Eden managing director Julian Gruzelier, who has managed this new-build project and acts as Netafim's technical partner in the UK, points out: "This structure is very different from anything else in the country and as a result vegetable and soft fruit growers are showing considerable interest.

"It is a commercial type of permanent structure covered in polythene rather than glass. We call it a greenhouse but it is so sizeable that you can drive a large tractor through the middle of it and vegetable growers are looking at covering their fields with a single structure.

"This type of building certainly has a role in the marketplace because although it is more expensive than traditional polytunnels it works out at around half the cost of a new glasshouse."

Offering a completely different configuration, the structure is 2x4-inch box section steel and the benefits over a polytunnel include increased load-bearing capacity. Significantly improving climate control, this structure boasts good automated ventilation that includes the roof, because this is where much of the heat sits.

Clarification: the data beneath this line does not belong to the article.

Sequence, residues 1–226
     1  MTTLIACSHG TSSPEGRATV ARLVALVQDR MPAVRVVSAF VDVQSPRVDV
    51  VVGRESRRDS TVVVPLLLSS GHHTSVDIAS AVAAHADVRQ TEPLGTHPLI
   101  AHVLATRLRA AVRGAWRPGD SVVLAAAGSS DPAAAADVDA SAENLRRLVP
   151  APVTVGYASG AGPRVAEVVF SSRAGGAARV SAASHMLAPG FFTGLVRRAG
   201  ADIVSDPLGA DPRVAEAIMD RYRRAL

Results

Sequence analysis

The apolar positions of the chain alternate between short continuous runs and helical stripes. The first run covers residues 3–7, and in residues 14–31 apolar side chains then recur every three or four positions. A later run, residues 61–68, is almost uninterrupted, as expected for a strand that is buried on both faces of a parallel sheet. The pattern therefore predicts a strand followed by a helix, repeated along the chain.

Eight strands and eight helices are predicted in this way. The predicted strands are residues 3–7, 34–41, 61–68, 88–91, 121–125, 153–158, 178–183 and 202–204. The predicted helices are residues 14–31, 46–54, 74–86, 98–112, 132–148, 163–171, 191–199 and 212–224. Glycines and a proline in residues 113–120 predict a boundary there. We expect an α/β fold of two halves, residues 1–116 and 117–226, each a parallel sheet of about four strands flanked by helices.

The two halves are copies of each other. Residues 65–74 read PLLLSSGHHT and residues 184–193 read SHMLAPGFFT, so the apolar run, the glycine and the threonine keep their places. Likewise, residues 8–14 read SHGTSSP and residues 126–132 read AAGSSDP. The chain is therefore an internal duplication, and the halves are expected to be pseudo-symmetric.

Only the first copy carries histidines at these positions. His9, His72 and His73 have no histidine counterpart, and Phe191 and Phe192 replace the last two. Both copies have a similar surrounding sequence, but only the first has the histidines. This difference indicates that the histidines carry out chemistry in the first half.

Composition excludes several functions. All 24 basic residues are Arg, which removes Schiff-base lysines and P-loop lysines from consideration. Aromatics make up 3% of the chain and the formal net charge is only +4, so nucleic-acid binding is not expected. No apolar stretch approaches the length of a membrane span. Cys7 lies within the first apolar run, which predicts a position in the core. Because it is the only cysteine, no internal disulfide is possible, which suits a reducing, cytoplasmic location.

Based in Israel, Netafim has more than 15 years' experience designing and supplying these structures to commercial growers around the world. Their popularity is due to the fact that they offer increased growing density per square metre.

The building just completed was supplied by LS Systems and is 4.75m high to the gutters, giving a huge volume of air, and each bay is 9.6m wide with the total structure offering 1.3ha of growing space.


As the garden centre market continues to grow, companies that produce polytunnels are now extending their ranges into garden centre buildings.

NP Structures is setting up a dedicated team comprising team leader, architect and structural engineer. Sales manager Matthew Harrison explains: "This will allow us to work more closely with garden centres that usually want insulated buildings for retail space as well as outdoor sales areas for plants and other products."

A project that the company has just completed in Bristol is a 30x30m combination of open sales area and heated indoor facility for Kemps Garden Centre. The company is also in the middle of a similar project at Fyfe in Scotland for James Field, where they are providing 30x40m of space.